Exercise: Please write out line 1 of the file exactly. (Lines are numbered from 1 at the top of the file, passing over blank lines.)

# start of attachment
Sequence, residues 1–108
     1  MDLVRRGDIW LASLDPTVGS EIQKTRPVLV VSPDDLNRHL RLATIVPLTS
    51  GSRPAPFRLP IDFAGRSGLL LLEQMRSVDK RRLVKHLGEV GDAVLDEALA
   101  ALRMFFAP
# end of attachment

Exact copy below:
Sequence, residues 1–108